However, they noticed that seven seconds after the nurses used elderspeak, the residents tended to be less cooperative.
"Speaking to a person as an adult and respecting the fact that he is an adult is probably going to get a whole lot more cooperation," says Mary Mittelman, director of psychosocial research and support at the Silberstein Institute for Aging and Dementia at New York University School of Medicine.
One of Mittelman's research projects involves studying Alzheimer's patients and caregivers who visit the Museum of Modern Art in New York City.
She says that one particular man with the condition was particularly happy that the museum tours were conducted "like he was a regular person."
"It is a mistake to assume that [the diagnosis] means that a person becomes more like a baby," Mittelman says. "They may still have a lot of memories from far-distant times, even if they don't remember what happened five minutes ago. They have a history, which babies don't."
"I think there is a tendency for people to infantilize patients, and I do think that it is dead wrong to assume that their language or their ability to interact with you is regressing," she says. "That's not what the disease does."
She explains that when we learn as children, we learn the names of objects first and move on to conquering grammar. However, the brain doesn't just reverse this process during dementia.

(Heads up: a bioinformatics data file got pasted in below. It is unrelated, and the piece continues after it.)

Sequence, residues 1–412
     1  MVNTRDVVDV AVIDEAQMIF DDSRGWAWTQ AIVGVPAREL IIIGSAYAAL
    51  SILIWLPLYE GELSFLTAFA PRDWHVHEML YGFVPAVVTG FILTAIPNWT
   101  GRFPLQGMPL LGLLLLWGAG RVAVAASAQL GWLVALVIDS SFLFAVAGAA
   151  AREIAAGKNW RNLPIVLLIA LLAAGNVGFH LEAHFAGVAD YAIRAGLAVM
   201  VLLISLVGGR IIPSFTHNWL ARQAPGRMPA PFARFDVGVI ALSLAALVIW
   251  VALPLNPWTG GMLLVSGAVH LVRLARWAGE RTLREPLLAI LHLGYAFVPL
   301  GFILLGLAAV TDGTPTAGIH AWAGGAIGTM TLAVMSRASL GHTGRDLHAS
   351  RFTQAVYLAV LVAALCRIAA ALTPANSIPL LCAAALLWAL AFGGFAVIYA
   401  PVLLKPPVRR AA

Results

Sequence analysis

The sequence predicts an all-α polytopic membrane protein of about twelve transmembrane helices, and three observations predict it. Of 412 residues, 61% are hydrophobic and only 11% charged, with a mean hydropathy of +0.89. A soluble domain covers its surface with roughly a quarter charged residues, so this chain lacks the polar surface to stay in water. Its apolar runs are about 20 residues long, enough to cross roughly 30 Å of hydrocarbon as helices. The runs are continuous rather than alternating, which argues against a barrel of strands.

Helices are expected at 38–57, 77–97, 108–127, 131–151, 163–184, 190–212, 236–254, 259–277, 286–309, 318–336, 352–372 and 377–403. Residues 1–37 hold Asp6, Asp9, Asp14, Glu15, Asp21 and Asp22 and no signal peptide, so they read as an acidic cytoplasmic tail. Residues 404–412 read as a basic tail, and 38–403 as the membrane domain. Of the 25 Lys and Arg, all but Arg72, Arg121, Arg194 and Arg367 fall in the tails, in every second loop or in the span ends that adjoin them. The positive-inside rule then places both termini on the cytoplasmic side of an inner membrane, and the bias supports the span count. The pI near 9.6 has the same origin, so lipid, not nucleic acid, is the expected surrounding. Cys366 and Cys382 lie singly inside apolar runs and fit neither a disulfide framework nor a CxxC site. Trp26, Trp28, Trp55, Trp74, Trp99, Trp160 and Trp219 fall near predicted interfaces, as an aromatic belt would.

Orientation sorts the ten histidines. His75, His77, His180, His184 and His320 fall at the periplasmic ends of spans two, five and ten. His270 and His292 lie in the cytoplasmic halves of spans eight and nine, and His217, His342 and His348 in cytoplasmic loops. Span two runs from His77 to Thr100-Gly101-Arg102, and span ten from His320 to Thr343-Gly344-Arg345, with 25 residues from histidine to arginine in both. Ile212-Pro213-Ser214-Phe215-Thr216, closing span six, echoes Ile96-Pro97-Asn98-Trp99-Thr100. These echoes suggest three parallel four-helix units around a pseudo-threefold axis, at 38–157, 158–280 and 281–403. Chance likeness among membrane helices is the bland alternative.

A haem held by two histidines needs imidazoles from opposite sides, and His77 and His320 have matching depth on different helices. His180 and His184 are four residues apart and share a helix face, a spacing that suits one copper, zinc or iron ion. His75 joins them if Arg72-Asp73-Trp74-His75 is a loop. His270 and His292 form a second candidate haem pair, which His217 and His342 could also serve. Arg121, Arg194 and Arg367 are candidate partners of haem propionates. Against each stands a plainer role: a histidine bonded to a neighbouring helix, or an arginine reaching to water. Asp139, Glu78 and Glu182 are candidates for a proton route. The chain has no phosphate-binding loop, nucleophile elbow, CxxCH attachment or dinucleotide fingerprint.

"You start losing at the other end rather than just walking back through your abilities," Kawas says. "People with dementia might not be able to remember the word for ball when they want it, but they still have incredibly intact grammatical skills."
That's not to say that more simple communication isn't necessary. Especially in the later stages of Alzheimer's disease, people may need to have activities and instructions broken down into steps, and they may respond more easily to yes or no questions.
"An open-ended question is more difficult because a person has to find and put together all the thoughts into words to communicate it," Williams says.
Even so, "that's different than talking down to them," Kawas says.
In clinic, Kawas says she has noticed that health-care professionals may transition from formal titles such as "mister" and "missus" to calling patients by their first names as their dementia progresses.
"I don't think that's right," Kawas says. "They're the same person. They deserve the same respect that they had before they had memory loss."
Baron says that even in the midst of her frustrations and the pain of watching her mother suffer, she tries to preserve that level of communication that not so long ago they could both sustain.
"Do I resort to baby talk? No," she says. "As sad as the disease is, there's a beauty in the innocence that's there, and I still think it's important to maintain their dignity."